The user also has the option to select a window in the housing of the electronics. This window allows viewing of the LEDs to show normal operation (relay energized), alarm/set point (relay de-energized) and fault conditions (relay de-energized). It is very beneficial to confirm switch and process operation at a glance by viewing the LEDs.


Because the principal of operation of thermal dispersion switches is temperature dependent, manufacturers should provide temperature compensation in the electronics circuitry. The purpose of temperature compensation is to reduce set point drift under varying operating temperatures. The THERMATEL Model TD2 with spherical tip probe was tested in water for a set point of 15 GPM in a 2” pipe and showed minimal set point drift over a 75-185°F (24-85°C) temperature swing. 


Pump Installations

Both positive displacement and centrifugal pumps have performance curves to maximize efficiency. There is an ideal combination of differential head and flow rate that will provide the best results. If monitoring the differential head, a thermal switch can be set up to shut the pump down when it is operating below the ideal flow rates. Worst case scenario, the thermal switch is installed to verify there is liquid flow to prevent wear, eventual replacements and downtime.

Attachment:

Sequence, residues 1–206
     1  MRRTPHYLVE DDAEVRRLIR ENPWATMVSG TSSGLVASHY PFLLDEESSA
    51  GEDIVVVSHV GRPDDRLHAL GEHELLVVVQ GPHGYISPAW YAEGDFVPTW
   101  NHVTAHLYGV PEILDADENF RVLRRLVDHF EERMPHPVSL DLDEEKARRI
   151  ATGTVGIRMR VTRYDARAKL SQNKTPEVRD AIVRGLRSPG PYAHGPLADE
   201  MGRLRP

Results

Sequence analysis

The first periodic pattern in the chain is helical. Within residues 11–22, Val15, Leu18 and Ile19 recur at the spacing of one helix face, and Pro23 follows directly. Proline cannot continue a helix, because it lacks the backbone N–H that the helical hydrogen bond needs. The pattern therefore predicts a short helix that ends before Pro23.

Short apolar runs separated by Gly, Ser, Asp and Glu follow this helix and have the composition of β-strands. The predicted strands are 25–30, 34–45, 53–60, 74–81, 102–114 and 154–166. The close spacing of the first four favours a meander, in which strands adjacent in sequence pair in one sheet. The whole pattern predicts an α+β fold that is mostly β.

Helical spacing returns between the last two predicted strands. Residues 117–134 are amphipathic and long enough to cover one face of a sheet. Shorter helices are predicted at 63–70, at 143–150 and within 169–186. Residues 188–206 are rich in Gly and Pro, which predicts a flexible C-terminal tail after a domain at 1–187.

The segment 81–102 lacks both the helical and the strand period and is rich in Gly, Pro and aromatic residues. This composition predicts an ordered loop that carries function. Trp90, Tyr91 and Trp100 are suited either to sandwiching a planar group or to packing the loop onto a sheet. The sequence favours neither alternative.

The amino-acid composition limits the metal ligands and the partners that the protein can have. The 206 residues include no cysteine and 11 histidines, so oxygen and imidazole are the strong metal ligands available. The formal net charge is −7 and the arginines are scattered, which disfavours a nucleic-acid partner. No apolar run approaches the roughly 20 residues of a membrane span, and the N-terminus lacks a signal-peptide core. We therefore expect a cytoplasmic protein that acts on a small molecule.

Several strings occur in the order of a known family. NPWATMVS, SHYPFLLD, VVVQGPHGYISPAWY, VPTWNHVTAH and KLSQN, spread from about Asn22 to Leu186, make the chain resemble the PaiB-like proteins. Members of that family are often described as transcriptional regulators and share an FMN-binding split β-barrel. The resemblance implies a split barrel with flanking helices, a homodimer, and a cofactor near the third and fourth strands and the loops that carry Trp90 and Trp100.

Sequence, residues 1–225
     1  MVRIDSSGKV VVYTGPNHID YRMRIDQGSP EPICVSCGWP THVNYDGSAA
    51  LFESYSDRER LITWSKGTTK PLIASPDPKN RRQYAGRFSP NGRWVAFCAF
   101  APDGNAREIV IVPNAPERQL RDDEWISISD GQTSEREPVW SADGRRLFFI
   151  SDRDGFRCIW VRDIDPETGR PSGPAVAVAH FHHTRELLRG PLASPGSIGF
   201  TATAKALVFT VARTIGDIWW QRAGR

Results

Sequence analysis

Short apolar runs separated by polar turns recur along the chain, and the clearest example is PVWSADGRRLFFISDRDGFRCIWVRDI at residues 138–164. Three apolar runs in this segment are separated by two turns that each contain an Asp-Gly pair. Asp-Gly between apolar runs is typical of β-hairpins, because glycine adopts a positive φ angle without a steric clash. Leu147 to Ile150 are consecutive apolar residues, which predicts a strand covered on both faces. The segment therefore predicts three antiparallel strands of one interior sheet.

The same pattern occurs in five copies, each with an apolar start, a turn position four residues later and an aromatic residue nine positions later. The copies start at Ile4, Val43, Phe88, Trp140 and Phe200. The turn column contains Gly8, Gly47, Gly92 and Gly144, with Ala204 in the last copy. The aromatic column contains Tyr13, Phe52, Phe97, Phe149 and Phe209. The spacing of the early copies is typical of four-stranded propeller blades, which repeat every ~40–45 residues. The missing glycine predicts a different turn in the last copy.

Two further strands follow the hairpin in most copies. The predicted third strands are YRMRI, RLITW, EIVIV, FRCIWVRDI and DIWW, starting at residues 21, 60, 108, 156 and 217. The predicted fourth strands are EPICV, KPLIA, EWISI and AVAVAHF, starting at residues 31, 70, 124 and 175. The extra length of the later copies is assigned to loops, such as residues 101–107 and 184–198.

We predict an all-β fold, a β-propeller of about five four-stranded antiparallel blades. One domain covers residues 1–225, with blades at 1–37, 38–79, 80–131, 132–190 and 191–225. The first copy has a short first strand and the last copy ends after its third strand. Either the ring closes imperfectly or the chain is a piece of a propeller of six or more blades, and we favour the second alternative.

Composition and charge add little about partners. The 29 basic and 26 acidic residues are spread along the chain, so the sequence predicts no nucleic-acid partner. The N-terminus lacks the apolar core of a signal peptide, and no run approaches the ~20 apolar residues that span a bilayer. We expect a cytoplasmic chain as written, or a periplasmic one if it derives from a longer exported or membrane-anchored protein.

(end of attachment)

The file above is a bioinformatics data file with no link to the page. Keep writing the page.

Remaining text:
Installing the thermal switch in the suction or discharge piping is acceptable. It is important to install in a location where the sensor tip will see liquid movement (in case of a partially filled pipe). When field calibrated, which is most often the case for thermal switches, it is not necessary to install at the centerline of the pipe. As long as the probe is far enough into the pipe to see liquid movement then it will provide repeatability at the given flow rate.  A quarter to half way into the pipe is common.

Installing a few diameters away from the pump will reduce excess turbulence. Turbulence may cause the switch to see higher flow rates than what is actually occurring inside of the pipe. Movement of liquid due to turbulence can theoretically create as much heat transfer as the liquid flow itself. The aforementioned current output is a helpful diagnostic feature in more difficult installations.


Magnetrol-BCE-Pump-ProtectionThermal dispersion switches are used in pump protection applications ranging from standard water to high viscosity liquids. There are unique sensor designs for each individual application, including the popular spherical tip, low flow bodies and high temperature/pressure probes. The multitude of probes in conjunction with the advanced electronics make thermal dispersion switches the most competitive technology on the market for pump protection.

Thursday, September 22, 2016

Using Brooks MFCs with LabVIEW™ Process Control Software